Through another contrivance Claire finds the patrol log for the Tiger Shark in Brice’s quarters. She reads it, of course, and learns that the Tiger Shark was stalking shipping. In case it’s unclear, German merchant ships were not randomly trawling the Atlantic in 1943, and American submarines were not sent to the Atlantic to hunt these non-existent targets. She continues hearing voices. She discovers two things: the there’s a page missing from the log, and the log before the missing page is written in a hand other than Brice’s. What Can It Mean?
Well, well, the plot thickens. Brice isn’t the original captain–some other fellow named Winters (Nick Hobbs) is! Further, he was a fan of Benny Goodman! Where is he? The mystery is stalled as the German destroyer shows up again. Sure, whatever. Brice puts the submarine on the bottom, 200 feet down, which is a reasonable strategy. That the water is only 200 feet deep is not, unless they’re operating right off the European coast. That’s not plausible unless the British were sailing a hospital ship out there, and that’s not plausible at all.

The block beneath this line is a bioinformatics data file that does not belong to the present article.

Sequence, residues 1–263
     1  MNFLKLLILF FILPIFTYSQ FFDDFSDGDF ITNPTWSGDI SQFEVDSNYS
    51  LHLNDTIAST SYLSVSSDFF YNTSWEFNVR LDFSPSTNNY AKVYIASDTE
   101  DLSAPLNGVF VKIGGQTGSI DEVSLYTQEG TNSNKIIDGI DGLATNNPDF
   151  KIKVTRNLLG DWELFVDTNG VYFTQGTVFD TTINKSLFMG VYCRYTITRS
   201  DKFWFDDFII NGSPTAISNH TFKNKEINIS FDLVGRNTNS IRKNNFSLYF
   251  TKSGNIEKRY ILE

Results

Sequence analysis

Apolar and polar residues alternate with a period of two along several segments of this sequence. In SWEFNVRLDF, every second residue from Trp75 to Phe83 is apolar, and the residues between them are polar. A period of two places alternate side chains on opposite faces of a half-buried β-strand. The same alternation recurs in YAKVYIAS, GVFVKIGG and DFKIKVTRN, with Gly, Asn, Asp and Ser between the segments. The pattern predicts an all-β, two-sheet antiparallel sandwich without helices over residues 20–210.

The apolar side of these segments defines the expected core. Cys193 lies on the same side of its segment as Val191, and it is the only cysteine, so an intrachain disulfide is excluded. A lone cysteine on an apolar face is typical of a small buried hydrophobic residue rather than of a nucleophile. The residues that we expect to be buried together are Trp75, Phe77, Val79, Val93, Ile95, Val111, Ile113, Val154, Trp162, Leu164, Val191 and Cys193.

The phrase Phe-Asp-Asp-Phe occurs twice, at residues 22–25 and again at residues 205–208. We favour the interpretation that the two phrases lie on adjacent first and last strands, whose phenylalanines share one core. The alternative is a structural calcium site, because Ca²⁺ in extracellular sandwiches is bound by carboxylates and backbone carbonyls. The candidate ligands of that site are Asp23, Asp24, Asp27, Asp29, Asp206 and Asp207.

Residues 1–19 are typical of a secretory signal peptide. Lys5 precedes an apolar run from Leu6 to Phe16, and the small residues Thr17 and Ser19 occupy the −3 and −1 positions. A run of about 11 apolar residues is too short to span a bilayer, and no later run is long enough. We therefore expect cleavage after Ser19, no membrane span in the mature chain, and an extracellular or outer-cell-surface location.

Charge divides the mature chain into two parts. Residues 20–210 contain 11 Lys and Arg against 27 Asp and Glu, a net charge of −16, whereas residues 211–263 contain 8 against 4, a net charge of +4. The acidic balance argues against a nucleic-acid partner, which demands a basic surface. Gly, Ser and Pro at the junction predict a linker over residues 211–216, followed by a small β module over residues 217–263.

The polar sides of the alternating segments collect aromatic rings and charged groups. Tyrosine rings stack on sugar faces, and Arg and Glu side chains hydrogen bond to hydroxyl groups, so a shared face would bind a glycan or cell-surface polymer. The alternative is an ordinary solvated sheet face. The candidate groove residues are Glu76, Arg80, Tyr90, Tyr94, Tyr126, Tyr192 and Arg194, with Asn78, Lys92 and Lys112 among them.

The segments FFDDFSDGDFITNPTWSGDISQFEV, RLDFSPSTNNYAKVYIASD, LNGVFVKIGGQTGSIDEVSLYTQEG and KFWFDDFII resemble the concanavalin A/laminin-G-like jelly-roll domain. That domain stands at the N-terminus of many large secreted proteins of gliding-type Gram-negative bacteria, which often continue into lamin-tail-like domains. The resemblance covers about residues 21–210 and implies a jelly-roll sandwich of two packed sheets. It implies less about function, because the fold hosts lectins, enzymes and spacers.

Brice is now telling an obvious lie to Claire concerning the missing captain; that the submarine torpedoed a German submarine tender but the captain was lost overboard inspecting debris. Okay, sure. Again, no German tender would be located in these waters. It’s made clear that Brice is lying through his teeth to Claire about what happened to the captain. By the way, the German destroyer is still out there and it’s attacking with “grappling hooks.” Do I need to say it? THIS WAS NOT A THING. Brice freezes because he’s an idiot and the sub starts flooding. That’s probably bad.